AEROLITH A?r*o*lith, n. Defn: Same as A.


AEROLITHOLOGY A`?r*o*li*tholo*gy, n. Etym: [A?ro- + lithology.] Defn: The science of a?rolites.


AEROLITIC A`?r*o*litic, a. Defn: Of or pertaining to a?rolites; meteoric; as, a?rolitic iron. Booth.


AEROLOGIC; AEROLOGICAL A`?r*o*logic, A`?r*o*logic*al, a. Defn: Of or pertaining to a?rology.


AEROLOGIST A`?r*olo*gist, n. Defn: One versed in a?rology.


AEROLOGY A`?r*olo*gy, n. Etym: [A?ro- + -logy: cf. F. a?rologie.] Defn: That department of physics which treats of the atmosphere.


AEROMANCY A?r*o*man`cy, n. Etym: [A?ro- + -mancy: cf. F. a?romancie.] Defn: Divination from the state of the air or from atmospheric substances; also, forecasting changes in the weather.


AEROMECHANIC A`?r*o*me*chanic, n. Defn: A mechanic or mechanician expert in the art and practice of a?ronautics.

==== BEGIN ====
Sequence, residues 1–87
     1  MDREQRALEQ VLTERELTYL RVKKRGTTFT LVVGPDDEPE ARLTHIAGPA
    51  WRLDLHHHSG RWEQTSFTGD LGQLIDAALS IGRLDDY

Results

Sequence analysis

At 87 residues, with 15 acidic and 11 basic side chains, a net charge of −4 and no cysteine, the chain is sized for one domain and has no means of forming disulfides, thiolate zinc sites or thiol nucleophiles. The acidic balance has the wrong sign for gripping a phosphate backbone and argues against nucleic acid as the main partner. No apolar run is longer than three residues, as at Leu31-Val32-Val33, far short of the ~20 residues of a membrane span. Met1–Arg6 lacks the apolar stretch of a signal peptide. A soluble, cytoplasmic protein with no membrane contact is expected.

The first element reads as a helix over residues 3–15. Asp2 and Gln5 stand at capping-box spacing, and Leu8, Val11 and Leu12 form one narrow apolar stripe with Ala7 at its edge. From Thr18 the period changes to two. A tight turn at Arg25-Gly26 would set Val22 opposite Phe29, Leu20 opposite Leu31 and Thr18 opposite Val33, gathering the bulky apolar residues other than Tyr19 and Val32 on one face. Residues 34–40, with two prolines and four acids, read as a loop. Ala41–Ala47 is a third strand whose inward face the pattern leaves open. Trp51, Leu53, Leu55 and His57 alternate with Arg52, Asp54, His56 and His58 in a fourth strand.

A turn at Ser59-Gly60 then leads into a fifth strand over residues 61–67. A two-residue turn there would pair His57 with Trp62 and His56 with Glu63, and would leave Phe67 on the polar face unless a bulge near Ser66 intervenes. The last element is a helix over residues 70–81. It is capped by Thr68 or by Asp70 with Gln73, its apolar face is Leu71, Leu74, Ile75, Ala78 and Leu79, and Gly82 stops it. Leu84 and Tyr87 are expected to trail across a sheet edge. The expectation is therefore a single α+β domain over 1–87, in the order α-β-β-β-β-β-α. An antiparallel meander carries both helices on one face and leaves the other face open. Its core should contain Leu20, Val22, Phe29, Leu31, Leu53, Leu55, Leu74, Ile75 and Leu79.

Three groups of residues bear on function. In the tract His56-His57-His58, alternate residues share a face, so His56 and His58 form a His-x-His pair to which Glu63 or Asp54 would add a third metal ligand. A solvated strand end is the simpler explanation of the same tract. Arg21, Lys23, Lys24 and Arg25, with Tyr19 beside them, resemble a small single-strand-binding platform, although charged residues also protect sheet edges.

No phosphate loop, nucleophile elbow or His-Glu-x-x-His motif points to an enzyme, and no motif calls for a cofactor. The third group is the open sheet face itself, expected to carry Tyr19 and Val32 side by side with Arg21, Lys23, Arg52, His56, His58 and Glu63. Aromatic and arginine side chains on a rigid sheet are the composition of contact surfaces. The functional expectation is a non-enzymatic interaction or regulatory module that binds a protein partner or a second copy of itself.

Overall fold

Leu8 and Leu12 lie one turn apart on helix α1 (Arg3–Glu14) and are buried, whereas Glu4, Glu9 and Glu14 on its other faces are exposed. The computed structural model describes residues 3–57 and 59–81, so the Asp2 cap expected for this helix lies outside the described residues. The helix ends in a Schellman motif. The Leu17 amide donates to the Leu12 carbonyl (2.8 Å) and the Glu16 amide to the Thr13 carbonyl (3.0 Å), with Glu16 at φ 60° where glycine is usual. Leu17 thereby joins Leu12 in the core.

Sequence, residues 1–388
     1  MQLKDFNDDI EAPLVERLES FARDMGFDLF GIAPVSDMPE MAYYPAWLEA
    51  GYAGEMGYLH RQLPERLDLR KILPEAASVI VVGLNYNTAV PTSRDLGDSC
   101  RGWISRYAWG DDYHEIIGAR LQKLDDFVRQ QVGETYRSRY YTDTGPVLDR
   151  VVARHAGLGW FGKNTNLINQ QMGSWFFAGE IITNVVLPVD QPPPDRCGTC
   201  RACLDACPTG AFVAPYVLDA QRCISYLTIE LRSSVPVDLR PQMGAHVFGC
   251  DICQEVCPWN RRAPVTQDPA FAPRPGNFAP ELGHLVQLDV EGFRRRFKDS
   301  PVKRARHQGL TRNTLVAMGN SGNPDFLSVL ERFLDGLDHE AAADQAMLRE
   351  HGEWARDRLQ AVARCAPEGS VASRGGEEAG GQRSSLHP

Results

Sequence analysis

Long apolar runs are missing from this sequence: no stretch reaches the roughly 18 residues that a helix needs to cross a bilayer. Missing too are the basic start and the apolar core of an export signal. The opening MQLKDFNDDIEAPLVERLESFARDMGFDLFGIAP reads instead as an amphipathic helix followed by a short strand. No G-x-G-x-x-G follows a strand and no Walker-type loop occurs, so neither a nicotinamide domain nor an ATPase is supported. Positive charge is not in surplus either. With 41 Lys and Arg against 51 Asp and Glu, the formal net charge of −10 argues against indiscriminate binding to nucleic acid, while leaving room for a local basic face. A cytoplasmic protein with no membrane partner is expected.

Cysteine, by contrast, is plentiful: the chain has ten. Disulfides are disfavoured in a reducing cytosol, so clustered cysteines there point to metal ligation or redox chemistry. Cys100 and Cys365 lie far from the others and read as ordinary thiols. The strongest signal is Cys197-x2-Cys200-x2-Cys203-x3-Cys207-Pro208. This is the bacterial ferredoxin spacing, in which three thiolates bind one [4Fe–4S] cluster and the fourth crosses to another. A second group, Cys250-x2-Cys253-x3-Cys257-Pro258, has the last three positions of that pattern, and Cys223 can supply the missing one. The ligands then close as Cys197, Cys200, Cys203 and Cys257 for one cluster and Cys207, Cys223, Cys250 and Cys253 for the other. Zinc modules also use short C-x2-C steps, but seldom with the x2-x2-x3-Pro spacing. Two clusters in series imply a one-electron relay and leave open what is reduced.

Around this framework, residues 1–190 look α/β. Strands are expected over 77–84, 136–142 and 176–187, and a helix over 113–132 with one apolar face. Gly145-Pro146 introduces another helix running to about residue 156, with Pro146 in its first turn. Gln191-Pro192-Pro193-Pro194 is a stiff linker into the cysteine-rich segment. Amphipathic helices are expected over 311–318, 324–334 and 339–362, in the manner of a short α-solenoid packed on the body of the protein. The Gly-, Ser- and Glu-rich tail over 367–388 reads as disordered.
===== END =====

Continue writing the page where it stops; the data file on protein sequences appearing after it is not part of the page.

AEROMECHANIC; AEROMECHANICAL A`?r*o*me*chanic, A`?r*o*me*chanical, a. Defn: Of or pert. to a?romechanics.


AEROMECHANICS A`?r*o*me*chanics, n. Defn: The science of equilibrium and motion of air or an a?riform fluid, including a?rodynamics and a?rostatics.


AEROMETER A`?r*ome*ter, n. Etym: [A?ro- + -meter: cf. F. ?rom?tre.] Defn: An instrument for ascertaining the weight or density of air and gases.


AEROMETRIC A`?r*o*metric, a. Defn: Of or pertaining to a?rometry; as, a?rometric investigations.


AEROMETRY A`?r*ome*try, n. Etym: [A?ro- + -metry: cf. F. ?rom?trie.] Defn: The science of measuring the air, including the doctrine of its pressure, elasticity, rarefaction, and condensation; pneumatics.


AERONAT A?r*o*nat`, n. [F. a?ronat. See A?ro-; Natation.] Defn: A dirigible balloon.